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**Newton’s Third Law Activities
**

Station 1: Sequential Spring Scales A 10 N weight is hanging off the side of the table. Without reading the spring scales, predict the reading on each of the spring scales:! Scale 1: ! Scale 2: Now check the spring scales. Draw free body diagrams for the forces on each weight and each scale.

Justify your observations based on the free body diagrams and Newton’s Third Law. Station 2: The Bathroom Scale One member of the group stands on the bathroom scale. Convert the “mass” displayed by the scale into Newtons: Draw a free body diagram for the forces acting on the person and a free body diagram for the forces acting on the scale.

The student on the scale now pushes down on the counter while continuing to stand on the scale. What is the force now displayed on the scale (again, convert to Newtons). Based on this observation, what force does a bathroom scale actually measure?

Station 3: Twist on Tug-of-War The strongest member of the group sits on the dynamics platform and holds one end of the rope. Another member of the group stands in front of the dynamics platform and holds the other end of the rope. Both people pull on the rope (don’t jerk the rope!). Describe the motion of the students.

Compare the force that the student sitting on the platform exerts on the rope with the force that the student standing exerts on the rope.

Draw a free body diagram for the forces on the student on the platform and a free body diagram for the forces on the student standing.

Explain your observations of each student in the context of Newton’s First and Third Laws.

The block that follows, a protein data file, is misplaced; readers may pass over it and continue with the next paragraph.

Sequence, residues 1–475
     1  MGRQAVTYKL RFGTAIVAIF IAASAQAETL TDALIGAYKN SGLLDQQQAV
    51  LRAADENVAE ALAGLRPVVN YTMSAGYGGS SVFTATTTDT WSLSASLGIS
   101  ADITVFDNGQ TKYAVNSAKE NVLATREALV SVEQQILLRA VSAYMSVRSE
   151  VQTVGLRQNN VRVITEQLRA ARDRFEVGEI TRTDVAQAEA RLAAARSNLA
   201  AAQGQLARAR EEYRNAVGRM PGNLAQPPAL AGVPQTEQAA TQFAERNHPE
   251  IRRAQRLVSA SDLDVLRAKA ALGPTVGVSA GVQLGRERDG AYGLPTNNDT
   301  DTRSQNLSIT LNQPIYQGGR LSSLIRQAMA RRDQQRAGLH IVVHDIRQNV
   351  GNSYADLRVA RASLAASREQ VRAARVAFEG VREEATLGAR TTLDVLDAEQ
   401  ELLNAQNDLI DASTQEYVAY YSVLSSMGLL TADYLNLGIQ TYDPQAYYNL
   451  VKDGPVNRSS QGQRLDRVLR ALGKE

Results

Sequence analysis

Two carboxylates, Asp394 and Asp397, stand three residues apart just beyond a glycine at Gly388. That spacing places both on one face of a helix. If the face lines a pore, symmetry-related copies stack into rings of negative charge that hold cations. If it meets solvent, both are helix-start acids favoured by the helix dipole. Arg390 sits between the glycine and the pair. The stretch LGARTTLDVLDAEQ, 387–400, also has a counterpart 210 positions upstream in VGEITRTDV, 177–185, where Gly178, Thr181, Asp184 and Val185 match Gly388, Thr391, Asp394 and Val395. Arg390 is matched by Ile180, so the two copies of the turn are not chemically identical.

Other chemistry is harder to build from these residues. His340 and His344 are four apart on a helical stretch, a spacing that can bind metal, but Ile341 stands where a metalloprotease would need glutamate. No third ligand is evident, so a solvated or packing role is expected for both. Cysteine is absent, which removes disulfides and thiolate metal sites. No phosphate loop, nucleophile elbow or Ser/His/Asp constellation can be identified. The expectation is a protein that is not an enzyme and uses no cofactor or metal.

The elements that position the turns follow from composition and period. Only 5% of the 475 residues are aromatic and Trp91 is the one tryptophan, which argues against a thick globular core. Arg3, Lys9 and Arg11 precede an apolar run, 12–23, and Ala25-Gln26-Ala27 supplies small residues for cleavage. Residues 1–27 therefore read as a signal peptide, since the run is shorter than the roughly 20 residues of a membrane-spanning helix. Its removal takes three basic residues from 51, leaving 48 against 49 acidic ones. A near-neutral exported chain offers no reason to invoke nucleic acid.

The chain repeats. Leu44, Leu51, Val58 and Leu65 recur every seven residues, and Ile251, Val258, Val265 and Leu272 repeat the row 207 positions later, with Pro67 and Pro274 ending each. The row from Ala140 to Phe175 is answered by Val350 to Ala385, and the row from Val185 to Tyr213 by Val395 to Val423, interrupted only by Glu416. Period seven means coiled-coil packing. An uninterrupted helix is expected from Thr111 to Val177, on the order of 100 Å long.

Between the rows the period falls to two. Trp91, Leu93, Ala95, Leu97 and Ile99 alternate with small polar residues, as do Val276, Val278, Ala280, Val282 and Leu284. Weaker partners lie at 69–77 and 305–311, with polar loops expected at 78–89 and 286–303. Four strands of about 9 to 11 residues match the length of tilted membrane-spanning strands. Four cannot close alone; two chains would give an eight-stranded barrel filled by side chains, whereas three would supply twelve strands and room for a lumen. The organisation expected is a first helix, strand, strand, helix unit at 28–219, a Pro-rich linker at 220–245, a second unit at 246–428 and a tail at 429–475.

Station 4: Medicine Ball Propulsion One member of the group sits on the dynamics platform. Another member of the group stands a bit behind the dynamics platform. The person sitting on the platform throws the medicine ball forward as hard as they can. Describe the motion of the student on the platform.

Explain your observations in the context of Newton’s Third Law.

Station 5: Computerized Force Comparison One member of the group holds one force sensor; another member holds another force sensor. A third member starts the data acquisition and both members gently pull on their force sensors such that tension is created in the string but the force sensors don’t move. Draw a free body diagram for the forces on one of the sensors and compare the force vs. time graphs of the two force sensors:

Now both members gently pull on their force sensors such that the force sensors both move with a nearly constant velocity. Draw a free body diagram for the forces on one of the sensors and compare the force vs. time graphs of the two force sensors:

Now both member gently pull on their force sensors such that the force sensors accelerate and change direction. Draw a free body diagram for the forces on one of the sensors and compare the force vs. time graphs of the two force sensors:

Explain the graphs for all three scenarios in the context of Newton’s Third Law.

Station 6: WALL-E and the Fire Extinguisher Watch the video on the laptop (it keeps looping). What is the force that is accelerating WALL-E?

What is the paired force corresponding to this force?

Why can a rocket propel a ship in space but a propeller-based airplane cannot?

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